With a 3D printed, specially designed disposable tool, the robot holds a swab and hits the exact spot in the throat from which the sample is to be collected. Subsequently, the robot puts the swab into a glass and screws the lid on to seal the sample. And the researchers have tested the robot. "I was one of the first to be swabbed by the robot. It went really well. I’m still sitting here," laughs Professor Thiusius Rajeeth Savarimuthu of SDU Robotics. "I was surprised at how softly the robot managed to land the swab at the spot in the throat where it was supposed to hit, so it was a huge success."
Thiusius Rajeeth Savarimuthu is in charge of the team of ten researchers who have been working around the clock in the Industry 4.0 Lab at the University of Southern Denmark to develop the prototype as quickly as possible, so that the healthcare staff avoids the risk of infection when carrying out throat swabs. "We have successfully demonstrated the world’s first fully automatic throat swab and delivered a “Proof of concept” of the processes in a robotized throat swab," says Thiusius Rajeeth Savarimuthu.
Test, test, test says WHO, but at the same time, health professionals are at risk of becoming infected when doing throat swabs on potential corona patients. Therefore, a throat swab robot was also high on the wish list when Professor Thiusius Rajeeth Savarimuthu, after COVID-19 made its entry in March, spoke with his research colleagues at Odense University Hospital, OUH. "There are prospects in developing a throat swab robot so that robots can take over the throat swabbing work both in relation to COVID-19, but also in all future viruses," says Thiusius Rajeeth Savarimuthu.
In this, Medical Director Kim Brixen from OUH fully agrees. He has with keen interest been following the development of the robot in the hands of the researchers. He also sees great advantage in the fact that the robot doesn’t get tired and bored of monotonous work. "Currently, healthcare professionals are carrying out throat swabs for COVID-19, but working conditions can be a challenge. The task entails long working days of monotonous work. At the same time, the employees are in great demand in other functions," says Kim Brixen, pointing out that the robot can also play a leading role in a new strategy against more common types of flu. "Large-scale testing is part of our community’s reopening strategy. The robot has great potential for mass screening for COVID-19 in the healthcare sector, but also in connection with border control or at airports. At the same time, we see that regular flu seems to have decreased during the lockdown. This may imply that we may need to rethink our strategy against the flu."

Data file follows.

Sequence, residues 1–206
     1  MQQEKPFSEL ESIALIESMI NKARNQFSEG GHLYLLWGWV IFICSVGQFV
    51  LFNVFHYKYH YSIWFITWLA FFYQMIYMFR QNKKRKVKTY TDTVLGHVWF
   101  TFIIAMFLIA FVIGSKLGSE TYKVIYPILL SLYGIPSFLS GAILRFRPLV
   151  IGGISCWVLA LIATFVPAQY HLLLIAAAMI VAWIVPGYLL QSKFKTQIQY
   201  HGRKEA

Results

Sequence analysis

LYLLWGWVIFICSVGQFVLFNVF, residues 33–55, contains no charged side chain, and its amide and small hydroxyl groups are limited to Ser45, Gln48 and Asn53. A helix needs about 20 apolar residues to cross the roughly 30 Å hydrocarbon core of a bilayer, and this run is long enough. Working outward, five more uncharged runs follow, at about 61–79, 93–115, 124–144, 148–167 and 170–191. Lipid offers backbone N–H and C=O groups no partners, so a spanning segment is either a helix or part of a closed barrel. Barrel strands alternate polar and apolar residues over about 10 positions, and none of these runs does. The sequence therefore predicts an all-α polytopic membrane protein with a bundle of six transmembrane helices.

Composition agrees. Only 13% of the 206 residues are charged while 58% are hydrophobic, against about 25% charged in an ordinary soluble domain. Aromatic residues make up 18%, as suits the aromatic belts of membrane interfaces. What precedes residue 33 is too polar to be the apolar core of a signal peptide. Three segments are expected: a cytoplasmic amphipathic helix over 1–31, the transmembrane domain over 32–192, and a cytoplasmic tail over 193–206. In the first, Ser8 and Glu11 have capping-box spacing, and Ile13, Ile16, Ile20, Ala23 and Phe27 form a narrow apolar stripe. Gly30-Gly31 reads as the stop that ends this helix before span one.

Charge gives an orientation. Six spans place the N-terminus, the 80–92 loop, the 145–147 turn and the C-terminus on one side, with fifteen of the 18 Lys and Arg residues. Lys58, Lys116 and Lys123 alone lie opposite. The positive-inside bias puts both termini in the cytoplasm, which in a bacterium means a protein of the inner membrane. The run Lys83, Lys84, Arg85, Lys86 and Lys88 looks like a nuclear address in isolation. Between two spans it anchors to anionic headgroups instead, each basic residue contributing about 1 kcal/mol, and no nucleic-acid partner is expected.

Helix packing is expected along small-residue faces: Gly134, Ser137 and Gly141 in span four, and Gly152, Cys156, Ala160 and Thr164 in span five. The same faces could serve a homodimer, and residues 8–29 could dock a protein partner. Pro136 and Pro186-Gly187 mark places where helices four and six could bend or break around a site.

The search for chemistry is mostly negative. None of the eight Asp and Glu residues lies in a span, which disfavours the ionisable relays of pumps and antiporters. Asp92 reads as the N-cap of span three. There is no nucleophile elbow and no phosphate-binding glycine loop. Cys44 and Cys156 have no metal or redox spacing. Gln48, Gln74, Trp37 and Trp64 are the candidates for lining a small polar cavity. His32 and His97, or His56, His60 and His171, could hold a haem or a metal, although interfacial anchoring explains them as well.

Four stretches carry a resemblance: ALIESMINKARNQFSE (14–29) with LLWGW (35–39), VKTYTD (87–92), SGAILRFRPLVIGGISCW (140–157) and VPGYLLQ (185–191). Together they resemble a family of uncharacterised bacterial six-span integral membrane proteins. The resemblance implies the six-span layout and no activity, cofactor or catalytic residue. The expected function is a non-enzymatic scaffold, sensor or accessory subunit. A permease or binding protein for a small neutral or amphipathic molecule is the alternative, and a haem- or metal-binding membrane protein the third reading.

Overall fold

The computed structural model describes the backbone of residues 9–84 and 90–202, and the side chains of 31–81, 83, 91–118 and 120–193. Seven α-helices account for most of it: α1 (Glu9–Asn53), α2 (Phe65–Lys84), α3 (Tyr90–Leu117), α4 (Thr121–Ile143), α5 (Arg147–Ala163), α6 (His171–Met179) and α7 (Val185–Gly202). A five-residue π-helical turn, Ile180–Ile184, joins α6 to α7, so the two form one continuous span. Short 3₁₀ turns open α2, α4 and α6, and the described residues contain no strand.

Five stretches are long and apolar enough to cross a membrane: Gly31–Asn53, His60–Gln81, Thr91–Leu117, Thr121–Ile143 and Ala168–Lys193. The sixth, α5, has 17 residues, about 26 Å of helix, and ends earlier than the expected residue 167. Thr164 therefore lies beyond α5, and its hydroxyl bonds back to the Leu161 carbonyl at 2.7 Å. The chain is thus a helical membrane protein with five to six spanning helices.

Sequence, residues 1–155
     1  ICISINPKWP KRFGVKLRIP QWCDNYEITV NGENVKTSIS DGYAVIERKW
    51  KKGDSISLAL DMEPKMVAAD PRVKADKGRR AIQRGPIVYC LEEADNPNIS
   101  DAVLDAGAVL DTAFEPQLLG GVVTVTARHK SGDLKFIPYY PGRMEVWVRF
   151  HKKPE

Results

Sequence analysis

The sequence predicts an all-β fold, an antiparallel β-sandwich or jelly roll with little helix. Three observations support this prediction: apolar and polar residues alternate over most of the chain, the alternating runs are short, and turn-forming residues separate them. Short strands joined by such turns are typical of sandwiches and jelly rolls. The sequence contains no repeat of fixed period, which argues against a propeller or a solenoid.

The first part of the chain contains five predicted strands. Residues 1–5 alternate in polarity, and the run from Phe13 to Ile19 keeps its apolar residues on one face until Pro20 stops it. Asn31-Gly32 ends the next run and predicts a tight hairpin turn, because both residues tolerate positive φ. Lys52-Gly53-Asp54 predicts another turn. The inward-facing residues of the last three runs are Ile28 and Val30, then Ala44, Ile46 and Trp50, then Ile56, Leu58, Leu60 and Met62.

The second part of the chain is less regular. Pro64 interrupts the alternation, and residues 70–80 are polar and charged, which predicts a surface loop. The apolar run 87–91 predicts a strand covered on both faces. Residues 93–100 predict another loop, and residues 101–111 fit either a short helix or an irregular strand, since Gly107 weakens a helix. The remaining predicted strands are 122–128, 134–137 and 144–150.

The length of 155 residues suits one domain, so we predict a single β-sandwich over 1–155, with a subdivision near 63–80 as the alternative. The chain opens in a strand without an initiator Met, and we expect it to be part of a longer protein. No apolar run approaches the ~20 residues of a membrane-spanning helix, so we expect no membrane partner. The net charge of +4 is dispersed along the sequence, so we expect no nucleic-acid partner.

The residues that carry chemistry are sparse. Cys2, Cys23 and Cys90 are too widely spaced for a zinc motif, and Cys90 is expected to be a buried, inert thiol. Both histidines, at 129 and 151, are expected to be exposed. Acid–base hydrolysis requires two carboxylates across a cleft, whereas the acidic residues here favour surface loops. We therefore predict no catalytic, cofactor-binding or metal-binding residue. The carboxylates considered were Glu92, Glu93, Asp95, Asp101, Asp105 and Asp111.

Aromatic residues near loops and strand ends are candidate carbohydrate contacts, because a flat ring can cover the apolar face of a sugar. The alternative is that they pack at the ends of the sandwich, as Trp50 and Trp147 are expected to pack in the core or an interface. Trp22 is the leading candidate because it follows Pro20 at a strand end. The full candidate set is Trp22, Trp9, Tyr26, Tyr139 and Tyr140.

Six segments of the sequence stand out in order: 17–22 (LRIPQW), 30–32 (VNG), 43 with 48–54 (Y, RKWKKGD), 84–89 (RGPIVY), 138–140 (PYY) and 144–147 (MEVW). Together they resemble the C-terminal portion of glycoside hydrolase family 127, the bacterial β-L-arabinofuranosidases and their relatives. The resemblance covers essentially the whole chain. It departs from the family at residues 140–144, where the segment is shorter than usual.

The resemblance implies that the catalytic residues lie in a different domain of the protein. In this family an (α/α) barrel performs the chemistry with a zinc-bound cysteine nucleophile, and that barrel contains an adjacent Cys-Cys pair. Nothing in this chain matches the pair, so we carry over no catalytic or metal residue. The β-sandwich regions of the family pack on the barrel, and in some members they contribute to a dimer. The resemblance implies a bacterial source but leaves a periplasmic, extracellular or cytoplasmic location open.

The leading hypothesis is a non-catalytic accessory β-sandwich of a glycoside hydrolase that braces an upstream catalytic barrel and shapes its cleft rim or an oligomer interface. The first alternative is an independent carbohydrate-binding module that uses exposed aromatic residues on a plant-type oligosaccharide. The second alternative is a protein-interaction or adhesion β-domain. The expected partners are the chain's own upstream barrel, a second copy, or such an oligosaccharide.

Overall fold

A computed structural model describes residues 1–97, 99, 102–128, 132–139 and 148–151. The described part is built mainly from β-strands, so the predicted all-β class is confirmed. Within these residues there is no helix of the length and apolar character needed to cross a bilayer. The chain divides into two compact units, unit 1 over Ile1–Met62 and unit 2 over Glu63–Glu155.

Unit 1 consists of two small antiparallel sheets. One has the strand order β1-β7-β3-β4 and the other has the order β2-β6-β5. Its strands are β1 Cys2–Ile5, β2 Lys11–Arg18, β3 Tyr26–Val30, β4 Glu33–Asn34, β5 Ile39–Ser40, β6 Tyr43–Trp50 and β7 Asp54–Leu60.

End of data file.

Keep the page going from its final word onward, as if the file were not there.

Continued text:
Ready for the second wave
In the shadow of the corona, the researchers have in record time managed to develop a robot that can safely be entrusted with the swab. Now the robot is ready to move out of the lab. "We have created the company Lifeline Robotics A/S, where our vision is to get the robot out to do good on the global market as quickly as possible: in airports, in refugee camps or where else it might be needed," says Søren Stig from Lifeline Robotics.
While researchers have been struggling with robotics, power management and vision technology, Søren Stig has been struggling to get investment in place and bring together a strong team aiming at turning the throat swab robot into a commercial success internationally, in line with other proud robotic bigwigs.
Heavyweights like co-founder of Universal Robots and investment company REInvest Robotics, Esben Østergaard, and Vækstfonden support the project, and if everything goes according to the ambitious plan, the robot will be swabbing the first patient’s throat in a month. "The COVID-19 pandemic abounds. The ambition is, therefore, that we must get on the market as soon as possible. The plan is that we have a prototype that swabs patients by the end of June, and that the robot is completed and ready for the market this fall when the second COVID-19 wave hits," says Søren Stig, director of Lifeline robotics. "Everyone on the team is working incredibly hard. If our plan holds, we will have achieved in 3-4 months what usually takes three years."